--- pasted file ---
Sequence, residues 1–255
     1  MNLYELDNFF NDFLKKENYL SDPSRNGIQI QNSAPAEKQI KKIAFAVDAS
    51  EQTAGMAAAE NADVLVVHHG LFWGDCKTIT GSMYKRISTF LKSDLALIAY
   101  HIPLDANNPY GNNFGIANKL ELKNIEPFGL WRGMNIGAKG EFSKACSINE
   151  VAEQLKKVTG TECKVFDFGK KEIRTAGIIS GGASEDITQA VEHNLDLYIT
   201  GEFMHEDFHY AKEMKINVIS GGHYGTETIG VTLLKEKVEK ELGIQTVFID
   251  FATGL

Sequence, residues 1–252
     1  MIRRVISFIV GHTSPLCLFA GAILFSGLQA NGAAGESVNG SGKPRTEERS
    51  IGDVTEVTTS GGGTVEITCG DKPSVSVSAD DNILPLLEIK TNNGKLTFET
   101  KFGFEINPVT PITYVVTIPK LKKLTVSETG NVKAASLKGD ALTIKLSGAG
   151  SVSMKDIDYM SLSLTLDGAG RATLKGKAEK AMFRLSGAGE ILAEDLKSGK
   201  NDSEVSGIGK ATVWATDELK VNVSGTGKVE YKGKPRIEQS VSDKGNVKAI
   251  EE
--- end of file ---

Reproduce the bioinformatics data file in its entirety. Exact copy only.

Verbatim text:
Sequence, residues 1–255
     1  MNLYELDNFF NDFLKKENYL SDPSRNGIQI QNSAPAEKQI KKIAFAVDAS
    51  EQTAGMAAAE NADVLVVHHG LFWGDCKTIT GSMYKRISTF LKSDLALIAY
   101  HIPLDANNPY GNNFGIANKL ELKNIEPFGL WRGMNIGAKG EFSKACSINE
   151  VAEQLKKVTG TECKVFDFGK KEIRTAGIIS GGASEDITQA VEHNLDLYIT
   201  GEFMHEDFHY AKEMKINVIS GGHYGTETIG VTLLKEKVEK ELGIQTVFID
   251  FATGL

Sequence, residues 1–252
     1  MIRRVISFIV GHTSPLCLFA GAILFSGLQA NGAAGESVNG SGKPRTEERS
    51  IGDVTEVTTS GGGTVEITCG DKPSVSVSAD DNILPLLEIK TNNGKLTFET
   101  KFGFEINPVT PITYVVTIPK LKKLTVSETG NVKAASLKGD ALTIKLSGAG
   151  SVSMKDIDYM SLSLTLDGAG RATLKGKAEK AMFRLSGAGE ILAEDLKSGK
   201  NDSEVSGIGK ATVWATDELK VNVSGTGKVE YKGKPRIEQS VSDKGNVKAI
   251  EE